Meet the Concordia undergrad student who saved a woman’s life
How would you react if you were suddenly faced with a life-or-death situation?
For Concordian Kevork Atamian, the answer was to keep calm and act swiftly. A woman is alive today because of it.
The first-year undergraduate student in the, recently received the Scouting Silver Medal for Heroism for his actions.
Two years ago, Atamian was out for a casual brunch with his family at the Hôtel le Chantecler restaurant in the Laurentians.
Suddenly, a woman at a nearby table began choking.
“Many of the people around didn’t know what to do and froze,” recalls Atamian.
He is CPR-certified but at the time had not kept his certification renewed, so he let his godfather’s wife, a trained nurse, step in and attempt the Heimlich maneuver.
However, after a few tries, it became clear more force was needed, and Atamian stepped in.
“I started with the Heimlich, and then I moved her to the ground and began compressions after she lost consciousness.
Atamian credits his background in scouts (he is part of the AGBU Montreal scouting movement in the Armenian community) and lifeguard training with giving him the skills necessary to assess and handle the situation.
“We have a lot of training in emergency preparedness, and in how to react in emergency situations,” he explains
‘A very hard call to make’
After a long period of compressions, the nurse on-site confirmed the woman had no pulse, and Atamian recalls this was the most difficult part of the entire event.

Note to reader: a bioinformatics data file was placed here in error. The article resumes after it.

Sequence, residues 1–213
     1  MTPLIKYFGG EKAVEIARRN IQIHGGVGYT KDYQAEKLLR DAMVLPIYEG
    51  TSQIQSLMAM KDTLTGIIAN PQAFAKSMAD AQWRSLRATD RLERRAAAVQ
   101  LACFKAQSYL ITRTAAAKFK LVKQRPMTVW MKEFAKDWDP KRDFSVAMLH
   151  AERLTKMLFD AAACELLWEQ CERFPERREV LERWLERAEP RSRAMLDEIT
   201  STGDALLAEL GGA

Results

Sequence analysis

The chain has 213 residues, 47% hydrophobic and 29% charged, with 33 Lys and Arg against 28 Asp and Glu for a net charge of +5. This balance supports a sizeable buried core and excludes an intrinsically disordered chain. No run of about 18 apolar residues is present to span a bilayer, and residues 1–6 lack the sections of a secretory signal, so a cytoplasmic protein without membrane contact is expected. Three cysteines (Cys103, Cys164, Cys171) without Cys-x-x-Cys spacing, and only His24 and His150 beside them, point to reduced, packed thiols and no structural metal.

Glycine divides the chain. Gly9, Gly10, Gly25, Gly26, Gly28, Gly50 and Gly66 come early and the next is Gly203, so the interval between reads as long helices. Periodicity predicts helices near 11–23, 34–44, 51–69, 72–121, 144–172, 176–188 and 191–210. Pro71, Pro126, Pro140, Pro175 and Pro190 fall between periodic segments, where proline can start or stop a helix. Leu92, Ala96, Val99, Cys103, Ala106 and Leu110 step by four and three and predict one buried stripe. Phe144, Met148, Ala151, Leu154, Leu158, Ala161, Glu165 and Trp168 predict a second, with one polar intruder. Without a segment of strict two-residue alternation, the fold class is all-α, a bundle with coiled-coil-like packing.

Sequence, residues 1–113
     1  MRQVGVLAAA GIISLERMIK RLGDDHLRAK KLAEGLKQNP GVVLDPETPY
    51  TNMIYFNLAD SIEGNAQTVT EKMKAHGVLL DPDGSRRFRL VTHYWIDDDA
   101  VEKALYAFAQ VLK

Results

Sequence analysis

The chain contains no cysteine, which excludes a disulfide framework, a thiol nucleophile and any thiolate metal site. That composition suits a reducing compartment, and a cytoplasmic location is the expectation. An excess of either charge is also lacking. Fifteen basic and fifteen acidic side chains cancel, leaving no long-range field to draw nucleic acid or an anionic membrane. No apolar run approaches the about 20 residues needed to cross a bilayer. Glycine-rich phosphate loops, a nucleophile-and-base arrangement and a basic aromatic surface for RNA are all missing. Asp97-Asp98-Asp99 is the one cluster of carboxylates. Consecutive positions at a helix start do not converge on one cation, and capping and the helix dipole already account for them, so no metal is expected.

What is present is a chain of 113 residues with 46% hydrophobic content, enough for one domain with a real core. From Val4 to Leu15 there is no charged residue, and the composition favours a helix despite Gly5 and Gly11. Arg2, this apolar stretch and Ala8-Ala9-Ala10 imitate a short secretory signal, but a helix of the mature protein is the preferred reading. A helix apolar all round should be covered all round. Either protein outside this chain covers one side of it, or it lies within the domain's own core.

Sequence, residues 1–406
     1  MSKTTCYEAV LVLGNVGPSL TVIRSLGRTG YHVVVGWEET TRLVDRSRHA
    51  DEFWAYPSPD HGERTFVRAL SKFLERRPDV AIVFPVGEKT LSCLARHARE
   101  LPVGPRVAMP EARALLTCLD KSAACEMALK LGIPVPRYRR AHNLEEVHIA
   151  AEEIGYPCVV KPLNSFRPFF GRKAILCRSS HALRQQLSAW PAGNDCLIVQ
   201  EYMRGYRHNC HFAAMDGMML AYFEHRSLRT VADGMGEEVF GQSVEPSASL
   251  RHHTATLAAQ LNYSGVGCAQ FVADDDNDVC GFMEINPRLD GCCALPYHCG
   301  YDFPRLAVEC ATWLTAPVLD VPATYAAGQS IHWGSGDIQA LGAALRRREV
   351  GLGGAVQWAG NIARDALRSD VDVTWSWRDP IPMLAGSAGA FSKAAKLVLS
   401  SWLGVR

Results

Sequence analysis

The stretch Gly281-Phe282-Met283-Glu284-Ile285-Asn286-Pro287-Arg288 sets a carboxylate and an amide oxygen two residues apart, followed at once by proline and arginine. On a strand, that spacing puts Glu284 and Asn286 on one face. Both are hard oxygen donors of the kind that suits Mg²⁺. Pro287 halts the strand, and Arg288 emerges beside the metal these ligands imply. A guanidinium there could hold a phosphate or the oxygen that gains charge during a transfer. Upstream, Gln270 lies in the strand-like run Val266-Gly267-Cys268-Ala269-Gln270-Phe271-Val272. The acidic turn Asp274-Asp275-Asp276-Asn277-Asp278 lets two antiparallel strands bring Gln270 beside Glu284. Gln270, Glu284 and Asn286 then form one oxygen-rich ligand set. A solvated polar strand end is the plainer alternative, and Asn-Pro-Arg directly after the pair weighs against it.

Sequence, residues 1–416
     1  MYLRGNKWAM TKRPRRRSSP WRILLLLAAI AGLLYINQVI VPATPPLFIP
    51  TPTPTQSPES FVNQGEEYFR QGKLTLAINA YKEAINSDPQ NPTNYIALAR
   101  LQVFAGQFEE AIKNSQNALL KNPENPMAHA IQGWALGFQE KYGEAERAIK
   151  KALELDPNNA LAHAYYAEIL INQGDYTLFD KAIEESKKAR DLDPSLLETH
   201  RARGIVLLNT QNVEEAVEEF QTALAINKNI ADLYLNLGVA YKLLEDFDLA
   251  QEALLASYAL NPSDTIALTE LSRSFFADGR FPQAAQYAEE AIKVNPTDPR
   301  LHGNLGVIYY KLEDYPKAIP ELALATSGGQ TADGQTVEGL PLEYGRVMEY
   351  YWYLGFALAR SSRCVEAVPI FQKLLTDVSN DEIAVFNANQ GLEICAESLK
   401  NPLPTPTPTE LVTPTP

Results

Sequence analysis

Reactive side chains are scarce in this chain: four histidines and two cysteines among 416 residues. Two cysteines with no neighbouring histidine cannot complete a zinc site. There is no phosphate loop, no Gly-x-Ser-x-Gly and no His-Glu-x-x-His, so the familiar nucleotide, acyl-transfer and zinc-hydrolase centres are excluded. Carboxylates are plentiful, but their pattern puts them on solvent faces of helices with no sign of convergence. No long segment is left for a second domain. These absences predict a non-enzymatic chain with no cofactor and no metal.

“You are taught in emergency training that there is a time when you have to make the call to stop (resuscitation efforts). And that’s a very hard call to make.”
However, Atamian persisted, and after roughly 20 minutes, the food in the woman’s throat was dislodged, and she began to slowly recover.
It is doubtful the woman would have lived without on-the-spot intervention, since although the call for an ambulance was placed when she began choking, they did not arrive for almost 45 minutes after she was resuscitated. By the time it showed up, she had returned to normal.
Following the dramatic rescue, Atamian continued to use his first responder training to calm the woman’s husband, leading him to his car and helping him pack to go to the hospital.
In the days and weeks following the rescue, Atamian’s scout leader asked him to prepare a testimonial. He did, but then weeks went by and he thought nothing of it.
It was only in recent months he learned he had been awarded the the Scouting Silver Medal for Heroism for his actions. He wore his scout’s uniform to the ceremony held in Ottawa.
Atamian, who is in honours biochemistry, is also a member of theand the . He says the life-changing experience has forever shifted his perspective on being able to react in the moment.
His advice to students?
“Whether it’s saving someone’s life, or something like an exam or a speech, you may feel panicked, but don’t allow that to take over,” he advises.
“Take a few seconds to pull yourself together, and take action.”
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